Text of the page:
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IEET > GlobalDemocracySecurity > SciTech > Vision > Contributors > Andrew Maynard > Technoprogressivism

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Rehabilitating “Risk”


Andrew Maynard
By Andrew Maynard
2020 Science

Posted: Oct 14, 2010

Now that I’ve had some time to get to grips with my new position as Director of the University of Michigan Risk Science Center, I thought it was high time I started letting people know something about where the Center will be heading over the next few years.

Risk is often treated as a four-letter word, or an embarrassing relative - something distasteful that shouldn’t be mentioned in polite society. Yet the reality is that a clear understanding of risk and how to deal with it is essential to every aspect of our lives.

image1The past hundred years have left us a horrifying legacy of what goes wrong when people ignore risks, or fail to identify, access and manage them appropriately, or aren’t equipped to make informed decisions as new potential issues arise. And the challenges are only going to get tougher in today’s increasingly technology-dependent, interconnected and resource-constrained world.

Without a doubt, if we are to build a sustainable future in the 21st century, we need to rethink our approach to risk. We need integrative, cross-disciplinary approaches to understanding and managing risks that are inclusive of all stakeholders. We need to push the process of identifying and addressing potential risks up-stream in the innovation process. And we need to equip everyone from citizens to CEO’s and journalists to policy makers to make informed decisions in the face of increasing uncertainty and complexity.

When I accepted the directorship of the Risk Science Center earlier this year, it was this forward-looking challenge that was uppermost in my mind. We already have a strong tradition at the University of Michigan, and elsewhere, of assessing risks to human health through research in areas like toxicology, epidemiology, and exposure, and using generated data to drive decisions on risk management and mitigation.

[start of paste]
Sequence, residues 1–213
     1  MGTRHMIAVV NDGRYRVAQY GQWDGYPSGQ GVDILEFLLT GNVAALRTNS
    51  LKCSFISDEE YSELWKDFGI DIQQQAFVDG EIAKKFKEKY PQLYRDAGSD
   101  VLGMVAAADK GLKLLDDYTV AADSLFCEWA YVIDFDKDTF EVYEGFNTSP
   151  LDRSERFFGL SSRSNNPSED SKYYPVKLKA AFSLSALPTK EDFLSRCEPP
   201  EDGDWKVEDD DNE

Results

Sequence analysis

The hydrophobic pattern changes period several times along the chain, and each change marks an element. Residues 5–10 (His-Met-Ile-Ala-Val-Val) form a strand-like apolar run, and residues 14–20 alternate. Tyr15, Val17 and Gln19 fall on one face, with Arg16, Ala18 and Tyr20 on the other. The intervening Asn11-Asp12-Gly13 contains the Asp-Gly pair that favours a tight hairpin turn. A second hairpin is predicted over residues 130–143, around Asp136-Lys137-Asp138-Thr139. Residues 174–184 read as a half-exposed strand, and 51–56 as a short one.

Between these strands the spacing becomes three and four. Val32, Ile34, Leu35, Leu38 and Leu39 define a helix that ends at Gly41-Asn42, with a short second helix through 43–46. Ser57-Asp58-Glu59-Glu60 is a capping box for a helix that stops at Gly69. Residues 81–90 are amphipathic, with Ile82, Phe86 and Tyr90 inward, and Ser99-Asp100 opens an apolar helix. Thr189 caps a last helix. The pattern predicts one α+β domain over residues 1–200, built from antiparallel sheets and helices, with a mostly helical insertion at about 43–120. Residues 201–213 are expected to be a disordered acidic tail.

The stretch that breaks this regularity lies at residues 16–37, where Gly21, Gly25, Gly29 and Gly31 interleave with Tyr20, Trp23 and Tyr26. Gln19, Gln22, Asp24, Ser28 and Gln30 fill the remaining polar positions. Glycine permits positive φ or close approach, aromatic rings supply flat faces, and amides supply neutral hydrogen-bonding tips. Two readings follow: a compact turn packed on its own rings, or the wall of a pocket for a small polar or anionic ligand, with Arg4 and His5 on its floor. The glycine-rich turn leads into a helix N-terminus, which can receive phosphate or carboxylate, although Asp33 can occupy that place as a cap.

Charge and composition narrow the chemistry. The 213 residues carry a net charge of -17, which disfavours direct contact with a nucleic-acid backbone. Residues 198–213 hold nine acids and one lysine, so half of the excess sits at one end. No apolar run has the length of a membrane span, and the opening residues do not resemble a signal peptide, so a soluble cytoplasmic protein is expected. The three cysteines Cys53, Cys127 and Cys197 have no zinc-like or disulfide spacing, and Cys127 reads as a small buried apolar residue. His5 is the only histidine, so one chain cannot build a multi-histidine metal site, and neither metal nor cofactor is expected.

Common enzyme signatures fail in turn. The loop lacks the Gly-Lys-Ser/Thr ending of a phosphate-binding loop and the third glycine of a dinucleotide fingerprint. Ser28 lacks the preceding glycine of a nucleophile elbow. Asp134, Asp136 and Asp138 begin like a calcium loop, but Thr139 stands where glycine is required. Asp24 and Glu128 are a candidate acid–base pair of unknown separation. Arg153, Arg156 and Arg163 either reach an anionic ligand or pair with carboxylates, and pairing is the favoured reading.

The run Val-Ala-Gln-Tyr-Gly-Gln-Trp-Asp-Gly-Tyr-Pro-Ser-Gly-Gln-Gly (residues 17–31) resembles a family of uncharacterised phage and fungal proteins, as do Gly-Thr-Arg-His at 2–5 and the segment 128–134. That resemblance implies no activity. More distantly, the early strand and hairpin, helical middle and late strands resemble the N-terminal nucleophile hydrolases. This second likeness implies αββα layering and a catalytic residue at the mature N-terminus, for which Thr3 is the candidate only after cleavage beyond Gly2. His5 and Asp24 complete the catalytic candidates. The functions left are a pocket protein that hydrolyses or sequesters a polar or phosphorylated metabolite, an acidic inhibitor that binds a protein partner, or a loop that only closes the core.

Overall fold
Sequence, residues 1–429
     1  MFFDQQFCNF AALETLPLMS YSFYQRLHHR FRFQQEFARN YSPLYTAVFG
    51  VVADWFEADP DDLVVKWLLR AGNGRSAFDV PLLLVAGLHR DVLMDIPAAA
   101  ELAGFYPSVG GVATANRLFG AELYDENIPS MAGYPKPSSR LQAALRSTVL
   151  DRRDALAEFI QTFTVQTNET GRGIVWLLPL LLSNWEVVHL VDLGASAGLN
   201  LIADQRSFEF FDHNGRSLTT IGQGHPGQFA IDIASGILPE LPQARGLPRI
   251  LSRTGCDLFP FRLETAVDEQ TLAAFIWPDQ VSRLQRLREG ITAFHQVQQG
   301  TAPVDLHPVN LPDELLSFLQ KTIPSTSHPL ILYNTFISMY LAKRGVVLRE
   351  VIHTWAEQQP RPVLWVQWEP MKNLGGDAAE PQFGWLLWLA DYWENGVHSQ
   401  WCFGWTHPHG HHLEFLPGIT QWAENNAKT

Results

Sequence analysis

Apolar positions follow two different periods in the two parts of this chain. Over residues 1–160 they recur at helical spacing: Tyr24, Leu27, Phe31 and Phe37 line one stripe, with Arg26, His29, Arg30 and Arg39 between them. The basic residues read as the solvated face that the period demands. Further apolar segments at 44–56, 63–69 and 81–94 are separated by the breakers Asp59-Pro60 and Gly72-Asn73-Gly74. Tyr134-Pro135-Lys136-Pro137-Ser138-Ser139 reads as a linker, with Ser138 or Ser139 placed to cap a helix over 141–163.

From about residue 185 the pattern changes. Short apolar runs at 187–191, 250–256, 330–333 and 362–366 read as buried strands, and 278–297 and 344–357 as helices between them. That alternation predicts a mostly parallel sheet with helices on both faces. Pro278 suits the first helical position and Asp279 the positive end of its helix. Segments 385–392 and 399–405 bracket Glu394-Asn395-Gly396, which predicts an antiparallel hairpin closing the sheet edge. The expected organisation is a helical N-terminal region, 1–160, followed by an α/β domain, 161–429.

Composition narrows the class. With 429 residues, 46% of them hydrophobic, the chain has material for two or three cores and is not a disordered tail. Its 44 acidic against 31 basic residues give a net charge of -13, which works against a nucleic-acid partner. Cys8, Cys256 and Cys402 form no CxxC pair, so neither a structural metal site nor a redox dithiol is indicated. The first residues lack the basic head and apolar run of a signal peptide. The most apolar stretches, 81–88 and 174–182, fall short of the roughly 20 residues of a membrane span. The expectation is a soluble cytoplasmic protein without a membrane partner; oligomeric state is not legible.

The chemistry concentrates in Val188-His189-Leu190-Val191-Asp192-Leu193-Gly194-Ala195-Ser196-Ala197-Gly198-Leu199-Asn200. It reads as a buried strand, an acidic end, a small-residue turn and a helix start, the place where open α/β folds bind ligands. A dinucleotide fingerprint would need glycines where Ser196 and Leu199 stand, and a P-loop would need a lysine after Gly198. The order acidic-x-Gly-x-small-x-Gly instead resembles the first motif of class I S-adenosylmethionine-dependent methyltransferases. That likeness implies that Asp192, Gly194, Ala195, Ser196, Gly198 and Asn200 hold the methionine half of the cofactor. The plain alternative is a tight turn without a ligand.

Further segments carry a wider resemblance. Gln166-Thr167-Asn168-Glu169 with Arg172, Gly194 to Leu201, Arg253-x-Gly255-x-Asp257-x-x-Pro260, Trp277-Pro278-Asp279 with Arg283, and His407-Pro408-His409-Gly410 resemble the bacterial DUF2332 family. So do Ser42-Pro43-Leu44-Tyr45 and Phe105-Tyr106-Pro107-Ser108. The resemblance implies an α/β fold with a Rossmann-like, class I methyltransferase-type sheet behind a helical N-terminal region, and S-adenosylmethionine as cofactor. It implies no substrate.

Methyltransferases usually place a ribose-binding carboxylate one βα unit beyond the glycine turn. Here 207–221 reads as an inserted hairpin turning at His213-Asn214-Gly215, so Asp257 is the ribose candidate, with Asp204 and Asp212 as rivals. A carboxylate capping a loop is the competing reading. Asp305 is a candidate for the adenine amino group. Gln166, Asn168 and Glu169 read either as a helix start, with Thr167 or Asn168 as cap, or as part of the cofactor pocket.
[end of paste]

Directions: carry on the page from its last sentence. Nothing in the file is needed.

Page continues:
But we struggle to deal with emergent risks presented by new technologies (or new ways of using old technologies) in a changing world. Everyone does - there is no manual (yet) for how to address human health risks from increasingly complex technologies, and how to do this in a society where stakeholder and citizen engagement is becoming increasingly important, where uncertainty dominates the decision-making process, and where ill-informed decisions on risks and benefits could be potentially catastrophic.

image2So my aim is for the Risk Science Center to spearhead the movement toward a new risk paradigm. By integrating cutting-edge science, multi-stakeholder partnerships, and effective communication, the Center will be working towards avoiding harm from existing and emerging technologies while ensuring their benefits are fully realized. It’s an approach that will significantly reduce the chances of future adverse health impacts - but it’s also one that makes sound business sense.

This is still very much a work in progress. Over the next year, the governance structure of the Center will be established, its vision, mission, aims, and activities will be further developed, and this website will undergo a major overhaul - creating a resource and community nexus for stakeholders, faculty, and students engaged in thinking differently about risk.

In the meantime, please check out the Risk Science Center’s About page for further information on how the Center is developing. And keep an eye out for new initiatives coming out of the Center - including next year’s Bernstein Symposium on “Risk, Uncertainty and Sustainable Innovation: New Perspectives on Emerging Challenges”.

Risk may still be a four-letter word to some, but that’s going to have to change if we as a society are going to tackle the challenges and opportunities of the 21st century and come out on top. As the Risk Science Center develops, expect it to be front and center of this change.


Andrew Maynard is Director of the Risk Science Center at the University of Michigan School of Public Health.
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COMMENTS


“tackle the challenges and opportunities of the 21st century”

‘Challenges’ is PC for dislocation & carnage—the two go together.





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